2009 Native American $1 Coins

in Native American Dollars

The 2009 Native American $1 Coins marked the first year in a series of annually changing reverse design coins issued by the US Mint.

2009 Native American $1 Coins (US Mint images)

2009 Native American $1 Coins - Click to Enlarge

These coins actually continued a series known as the Sacagawea Dollars that started back in 2000, but that older series did not feature changing reverse designs. Congress authorized the changes to the coins with the Native American $1 Coin Act signed by President George W. Bush on September 20, 2007 as Public Law 110-82.

Under the Act, many of the specifications for the coins remained the same as the previous dollar strikes, but with two major exceptions. The first was the annually changing designs on the reverse which the new law required to be "images celebrating the important contributions made by Indian tribes and individual Native Americans to the development of the United States and the history of the United States." These new reverse designs are to continue until at least the year 2016 when the similar Presidential $1 Coin series is scheduled to end.

The other major change deals with inscriptions. Congress required the US Mint to use an edge inscription on these new strikes taking E PLURIBUS UNUM and the year of minting off of the obverse and reverse where they had appeared on the Sacagawea Dollar. The Mint also moved the mintmark to the edge.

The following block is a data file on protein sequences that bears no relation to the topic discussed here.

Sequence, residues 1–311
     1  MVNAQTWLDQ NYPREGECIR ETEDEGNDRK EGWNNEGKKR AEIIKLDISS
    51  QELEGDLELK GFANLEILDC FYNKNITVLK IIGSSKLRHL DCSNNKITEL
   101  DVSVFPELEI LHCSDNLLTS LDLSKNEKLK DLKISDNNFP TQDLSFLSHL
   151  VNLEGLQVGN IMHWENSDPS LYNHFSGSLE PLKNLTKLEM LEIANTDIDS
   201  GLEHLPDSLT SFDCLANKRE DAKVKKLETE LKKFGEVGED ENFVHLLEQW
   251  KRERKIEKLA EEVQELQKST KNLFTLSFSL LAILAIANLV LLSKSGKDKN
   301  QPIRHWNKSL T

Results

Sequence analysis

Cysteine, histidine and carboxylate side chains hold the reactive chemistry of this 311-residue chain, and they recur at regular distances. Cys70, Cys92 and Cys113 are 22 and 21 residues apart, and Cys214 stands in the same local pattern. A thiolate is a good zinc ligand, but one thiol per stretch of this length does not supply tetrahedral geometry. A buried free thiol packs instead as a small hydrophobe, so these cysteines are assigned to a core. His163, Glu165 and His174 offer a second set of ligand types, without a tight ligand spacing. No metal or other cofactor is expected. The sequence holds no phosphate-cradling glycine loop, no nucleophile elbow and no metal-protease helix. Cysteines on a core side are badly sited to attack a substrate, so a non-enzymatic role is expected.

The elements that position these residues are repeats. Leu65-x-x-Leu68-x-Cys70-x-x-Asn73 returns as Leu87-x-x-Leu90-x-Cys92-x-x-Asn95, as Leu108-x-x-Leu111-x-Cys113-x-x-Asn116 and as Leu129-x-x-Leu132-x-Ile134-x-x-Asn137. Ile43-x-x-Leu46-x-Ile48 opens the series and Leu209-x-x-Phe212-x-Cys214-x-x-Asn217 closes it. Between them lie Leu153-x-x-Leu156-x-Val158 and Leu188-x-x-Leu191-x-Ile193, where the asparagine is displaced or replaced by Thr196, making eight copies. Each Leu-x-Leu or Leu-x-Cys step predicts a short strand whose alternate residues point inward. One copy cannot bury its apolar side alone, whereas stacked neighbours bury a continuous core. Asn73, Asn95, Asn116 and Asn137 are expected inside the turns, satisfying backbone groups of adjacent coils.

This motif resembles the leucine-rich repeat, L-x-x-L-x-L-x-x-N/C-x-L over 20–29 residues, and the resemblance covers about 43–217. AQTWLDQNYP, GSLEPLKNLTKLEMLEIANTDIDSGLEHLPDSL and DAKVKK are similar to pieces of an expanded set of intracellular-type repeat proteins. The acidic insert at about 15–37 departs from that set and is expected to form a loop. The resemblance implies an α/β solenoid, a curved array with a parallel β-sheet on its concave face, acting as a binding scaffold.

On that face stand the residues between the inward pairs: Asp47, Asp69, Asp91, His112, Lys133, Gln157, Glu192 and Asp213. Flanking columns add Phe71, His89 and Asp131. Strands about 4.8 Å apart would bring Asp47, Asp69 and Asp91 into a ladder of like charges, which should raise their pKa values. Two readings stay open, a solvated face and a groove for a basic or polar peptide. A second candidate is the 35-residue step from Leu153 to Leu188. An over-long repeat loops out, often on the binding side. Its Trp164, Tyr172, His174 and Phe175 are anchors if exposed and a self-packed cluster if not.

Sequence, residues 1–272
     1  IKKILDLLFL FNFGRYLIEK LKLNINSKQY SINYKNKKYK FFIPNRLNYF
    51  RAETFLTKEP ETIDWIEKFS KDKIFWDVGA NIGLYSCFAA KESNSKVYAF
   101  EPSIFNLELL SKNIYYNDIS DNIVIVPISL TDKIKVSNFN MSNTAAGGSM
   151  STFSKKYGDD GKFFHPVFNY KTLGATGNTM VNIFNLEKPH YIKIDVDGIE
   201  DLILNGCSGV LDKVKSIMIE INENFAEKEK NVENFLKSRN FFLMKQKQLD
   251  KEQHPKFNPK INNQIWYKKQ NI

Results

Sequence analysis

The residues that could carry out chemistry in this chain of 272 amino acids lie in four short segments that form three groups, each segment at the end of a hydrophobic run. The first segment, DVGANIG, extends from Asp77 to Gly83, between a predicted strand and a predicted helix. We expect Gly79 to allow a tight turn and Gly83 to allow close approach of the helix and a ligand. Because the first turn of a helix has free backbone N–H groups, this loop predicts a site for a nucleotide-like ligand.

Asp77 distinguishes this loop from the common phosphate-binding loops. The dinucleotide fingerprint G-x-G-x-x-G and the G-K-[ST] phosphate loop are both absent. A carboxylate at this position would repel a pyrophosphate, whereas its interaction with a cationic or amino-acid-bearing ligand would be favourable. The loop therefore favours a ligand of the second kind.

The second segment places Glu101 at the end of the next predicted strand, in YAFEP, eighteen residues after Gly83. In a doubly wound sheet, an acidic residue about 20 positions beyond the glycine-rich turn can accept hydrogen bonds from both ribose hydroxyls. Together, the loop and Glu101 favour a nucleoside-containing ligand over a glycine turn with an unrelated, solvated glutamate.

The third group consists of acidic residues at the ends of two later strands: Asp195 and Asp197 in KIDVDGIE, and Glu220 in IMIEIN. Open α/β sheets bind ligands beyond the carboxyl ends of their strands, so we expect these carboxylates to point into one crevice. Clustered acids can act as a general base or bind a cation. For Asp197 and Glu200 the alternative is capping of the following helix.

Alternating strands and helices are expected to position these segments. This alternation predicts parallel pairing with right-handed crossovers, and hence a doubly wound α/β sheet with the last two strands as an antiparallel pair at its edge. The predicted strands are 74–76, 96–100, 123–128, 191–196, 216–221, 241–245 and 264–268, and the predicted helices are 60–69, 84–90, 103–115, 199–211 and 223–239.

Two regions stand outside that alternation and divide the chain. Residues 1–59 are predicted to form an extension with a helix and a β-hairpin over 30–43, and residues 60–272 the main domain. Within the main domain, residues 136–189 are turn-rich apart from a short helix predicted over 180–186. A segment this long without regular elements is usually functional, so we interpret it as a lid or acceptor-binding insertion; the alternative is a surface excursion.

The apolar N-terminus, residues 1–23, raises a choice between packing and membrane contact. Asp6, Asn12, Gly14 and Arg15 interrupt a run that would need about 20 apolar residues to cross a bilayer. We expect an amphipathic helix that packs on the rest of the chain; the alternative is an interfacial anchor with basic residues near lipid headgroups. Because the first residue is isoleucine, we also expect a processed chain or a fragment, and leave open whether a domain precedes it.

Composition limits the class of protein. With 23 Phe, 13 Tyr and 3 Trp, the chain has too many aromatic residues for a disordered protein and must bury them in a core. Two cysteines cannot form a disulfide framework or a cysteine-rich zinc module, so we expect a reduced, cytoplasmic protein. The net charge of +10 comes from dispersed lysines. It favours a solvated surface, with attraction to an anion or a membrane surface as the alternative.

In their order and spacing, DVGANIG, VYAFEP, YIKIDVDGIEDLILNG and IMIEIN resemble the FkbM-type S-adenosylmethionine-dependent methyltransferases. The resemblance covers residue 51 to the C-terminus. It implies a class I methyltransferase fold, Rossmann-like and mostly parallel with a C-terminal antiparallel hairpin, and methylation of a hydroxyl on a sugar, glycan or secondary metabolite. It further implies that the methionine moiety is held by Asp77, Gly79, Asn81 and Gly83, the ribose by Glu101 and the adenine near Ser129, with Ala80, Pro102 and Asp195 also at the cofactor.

Other than those changes, the rest of the specifications remained the same for the new coins including being struck from a manganese-brass over copper composition. The manganese-brass gives each coin its distinctive golden hue.

The obverse of the 2009 Native American $1 Coins contains the same basic design as found on the previous dollar series – a portrait of Sacagawea with her infant son Jean Baptiste Charbonneau strapped to her back. Sacagawea was the young Shoshone woman who accompanied the Lewis and Clark Expedition through the wilderness of the United States as a guide in the early 1800’s. The design was originally completed by Glenna Goodacre.

Shown on the reverse of the strike is a Native American woman planting seeds in the soil in the "Three Sisters" method. This method was discovered by Native Americans and included corn, beans and squash, which, when planted together actually aid in each plants growth. The reverse was designed by Thomas D. Rogers.

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